Internet Phone Calls: The New "ringy-dingy"?
By Cybele Weisser

(MONEY Magazine) – The newest Internet revolution has arrived. You can now make and receive phone calls via a high-speed Internet connection by subscribing to a service known as voice over Internet protocol. VOIP, for short, allows for a host of whiz-bang features--like having your voice mail sent to you via e-mail--previously impossible with traditional landline phones. Better still: For as little as $20 a month (about a third of what the average U.S. consumer spends on local and long distance) you can make unlimited calls with features such as caller ID, call forwarding and three-way calling. Thanks to its growing popularity--already, about half a million people have signed up--Verizon and Time Warner Cable have rolled out Internet phone services.

Eight months ago, I replaced my home phone with an Internet phone service from Vonage. So far, I have no plans to switch back. Sure, there are trade-offs. The quality of my Internet phone isn't quite as good as my old landline connection, and broadband service interruptions can cut off your calls. But my phone bill has been chopped in half, and that seems like a fair enough deal to me. Should you too get VOIP?

>>THE BASICS To subscribe, you must have a high-speed Internet connection. Since the broadband outlet and your telephone are directly connected, your PC doesn't have to be turned on for a Net phone to work. Nor do you need to bump a loved one offline to make a call. And no, the person you're calling needn't have VOIP or be connected to the Net to receive your call. You can also use the telephone you already have.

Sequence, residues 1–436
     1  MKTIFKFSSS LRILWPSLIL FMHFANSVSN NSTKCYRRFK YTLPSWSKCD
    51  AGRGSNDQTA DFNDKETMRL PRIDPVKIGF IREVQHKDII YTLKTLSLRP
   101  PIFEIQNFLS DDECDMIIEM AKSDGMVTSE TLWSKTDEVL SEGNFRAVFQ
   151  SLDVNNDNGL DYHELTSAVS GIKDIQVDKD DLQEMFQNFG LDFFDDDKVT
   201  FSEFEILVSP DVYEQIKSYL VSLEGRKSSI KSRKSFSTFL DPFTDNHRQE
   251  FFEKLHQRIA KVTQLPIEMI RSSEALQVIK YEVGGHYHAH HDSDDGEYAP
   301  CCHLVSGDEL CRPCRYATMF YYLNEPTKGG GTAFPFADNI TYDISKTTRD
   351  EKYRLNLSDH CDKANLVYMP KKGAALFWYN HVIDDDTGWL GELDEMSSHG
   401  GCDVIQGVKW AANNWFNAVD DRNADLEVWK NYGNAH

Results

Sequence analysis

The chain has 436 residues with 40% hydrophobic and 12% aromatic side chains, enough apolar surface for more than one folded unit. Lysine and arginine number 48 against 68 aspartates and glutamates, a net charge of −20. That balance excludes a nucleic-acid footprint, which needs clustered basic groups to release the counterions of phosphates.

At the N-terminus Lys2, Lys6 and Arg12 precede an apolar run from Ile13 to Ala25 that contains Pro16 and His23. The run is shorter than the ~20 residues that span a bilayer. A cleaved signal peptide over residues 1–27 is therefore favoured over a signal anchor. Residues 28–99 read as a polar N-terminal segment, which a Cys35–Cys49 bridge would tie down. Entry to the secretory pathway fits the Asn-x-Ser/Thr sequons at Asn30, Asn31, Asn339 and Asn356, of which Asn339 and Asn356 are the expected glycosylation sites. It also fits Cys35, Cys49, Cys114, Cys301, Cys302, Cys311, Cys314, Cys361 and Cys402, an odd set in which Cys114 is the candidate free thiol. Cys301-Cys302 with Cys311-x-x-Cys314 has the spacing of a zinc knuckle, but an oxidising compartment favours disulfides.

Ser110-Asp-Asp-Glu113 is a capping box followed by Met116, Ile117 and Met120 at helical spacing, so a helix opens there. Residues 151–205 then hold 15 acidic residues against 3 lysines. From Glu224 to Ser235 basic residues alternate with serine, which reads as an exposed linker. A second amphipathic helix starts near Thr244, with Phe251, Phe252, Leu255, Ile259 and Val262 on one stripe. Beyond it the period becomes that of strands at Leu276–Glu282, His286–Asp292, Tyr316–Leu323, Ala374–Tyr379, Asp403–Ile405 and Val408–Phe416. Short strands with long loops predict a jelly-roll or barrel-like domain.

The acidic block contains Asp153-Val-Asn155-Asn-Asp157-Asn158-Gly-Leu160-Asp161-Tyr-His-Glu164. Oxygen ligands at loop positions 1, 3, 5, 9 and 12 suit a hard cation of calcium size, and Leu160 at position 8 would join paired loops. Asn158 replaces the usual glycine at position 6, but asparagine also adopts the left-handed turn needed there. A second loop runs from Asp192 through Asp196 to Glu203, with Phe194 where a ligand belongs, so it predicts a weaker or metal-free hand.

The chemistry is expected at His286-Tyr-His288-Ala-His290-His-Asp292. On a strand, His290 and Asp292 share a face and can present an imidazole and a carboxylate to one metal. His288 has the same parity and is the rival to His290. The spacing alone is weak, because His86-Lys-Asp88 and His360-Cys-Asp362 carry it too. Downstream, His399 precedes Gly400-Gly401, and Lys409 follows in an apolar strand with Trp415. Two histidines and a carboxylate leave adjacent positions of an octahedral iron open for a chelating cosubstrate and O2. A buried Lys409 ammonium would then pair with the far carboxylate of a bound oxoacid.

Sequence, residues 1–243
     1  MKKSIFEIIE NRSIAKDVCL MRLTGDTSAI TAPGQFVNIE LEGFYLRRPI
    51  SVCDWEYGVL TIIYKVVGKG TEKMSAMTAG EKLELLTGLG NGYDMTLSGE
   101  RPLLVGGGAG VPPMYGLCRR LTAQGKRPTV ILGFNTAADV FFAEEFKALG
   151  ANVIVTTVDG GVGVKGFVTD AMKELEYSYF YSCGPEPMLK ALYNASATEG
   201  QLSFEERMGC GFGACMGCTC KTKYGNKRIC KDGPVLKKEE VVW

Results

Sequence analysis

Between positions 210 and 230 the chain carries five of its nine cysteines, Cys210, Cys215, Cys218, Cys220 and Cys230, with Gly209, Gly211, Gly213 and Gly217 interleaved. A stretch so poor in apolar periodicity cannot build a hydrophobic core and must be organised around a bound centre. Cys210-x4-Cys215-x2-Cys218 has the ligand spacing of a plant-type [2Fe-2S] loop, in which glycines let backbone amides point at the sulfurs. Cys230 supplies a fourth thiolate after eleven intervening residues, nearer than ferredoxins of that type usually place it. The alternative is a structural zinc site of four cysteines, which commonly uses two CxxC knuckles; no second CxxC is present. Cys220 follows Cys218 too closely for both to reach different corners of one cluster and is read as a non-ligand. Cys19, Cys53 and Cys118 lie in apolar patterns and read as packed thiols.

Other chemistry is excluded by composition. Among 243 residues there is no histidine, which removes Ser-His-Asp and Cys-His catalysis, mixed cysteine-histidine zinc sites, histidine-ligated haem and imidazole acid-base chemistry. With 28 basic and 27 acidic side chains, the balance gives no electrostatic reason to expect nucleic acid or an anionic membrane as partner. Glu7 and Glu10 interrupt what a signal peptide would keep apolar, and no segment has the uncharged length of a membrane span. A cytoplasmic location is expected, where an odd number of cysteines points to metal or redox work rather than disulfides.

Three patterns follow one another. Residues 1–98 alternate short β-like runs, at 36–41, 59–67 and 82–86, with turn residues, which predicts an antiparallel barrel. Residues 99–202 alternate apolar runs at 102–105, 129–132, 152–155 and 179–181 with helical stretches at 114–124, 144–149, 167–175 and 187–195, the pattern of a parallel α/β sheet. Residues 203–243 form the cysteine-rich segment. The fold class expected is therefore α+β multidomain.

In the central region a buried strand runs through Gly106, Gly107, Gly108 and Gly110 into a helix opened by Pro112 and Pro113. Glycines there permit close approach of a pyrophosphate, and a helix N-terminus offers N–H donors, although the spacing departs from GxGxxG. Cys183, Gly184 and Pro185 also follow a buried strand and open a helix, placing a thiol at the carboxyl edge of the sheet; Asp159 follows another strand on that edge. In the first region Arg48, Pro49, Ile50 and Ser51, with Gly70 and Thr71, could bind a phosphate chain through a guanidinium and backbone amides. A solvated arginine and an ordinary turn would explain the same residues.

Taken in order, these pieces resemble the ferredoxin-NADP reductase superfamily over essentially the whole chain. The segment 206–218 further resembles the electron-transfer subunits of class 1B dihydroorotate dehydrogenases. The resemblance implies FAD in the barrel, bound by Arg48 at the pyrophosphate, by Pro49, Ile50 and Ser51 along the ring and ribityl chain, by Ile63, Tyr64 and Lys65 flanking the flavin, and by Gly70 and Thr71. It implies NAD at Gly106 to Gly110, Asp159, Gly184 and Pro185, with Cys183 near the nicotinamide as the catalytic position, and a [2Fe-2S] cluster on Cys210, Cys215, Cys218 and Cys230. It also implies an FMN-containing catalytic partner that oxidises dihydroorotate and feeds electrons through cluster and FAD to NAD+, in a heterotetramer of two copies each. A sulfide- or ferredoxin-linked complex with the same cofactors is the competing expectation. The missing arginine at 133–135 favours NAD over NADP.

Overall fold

>>THE HOOKUP When you subscribe to VOIP, the service provider will send you a modem-like gizmo that translates your dulcet tones into bits and bytes that travel across the Internet. Hooking up a single phone to a VOIP adapter is a snap. Since the adapter must be plugged into both the phone and your broadband connection, things become tricky when you want to hook up several phones within a single household. The easiest solution is a phone with multiple cordless handsets.

>>THE TRADE-OFF The largest VOIP peddlers have a presence in all 50 states but don't have phone numbers available in every area code. (You don't want your primary phone number to have a different area code than your home calling area, since everyone from your neighbor to the pizza delivery guy would have to pay long-distance rates to reach you.) The biggest knock on Internet phones is that they're only as reliable as your broadband connection; if the latter goes down, so does your phone. As for sound quality, it's good, although I'm told my voice sometimes sounds the way overseas calls did years ago. Finally, since the phone number is not tied to any physical location, VOIP providers say they can route any 911 calls to the nearest emergency call center, but the caller would have to give the operator his or her exact address. Until sound quality and broadband reliability improve, it's wise to have a cell-phone backup. --CYBELE WEISSER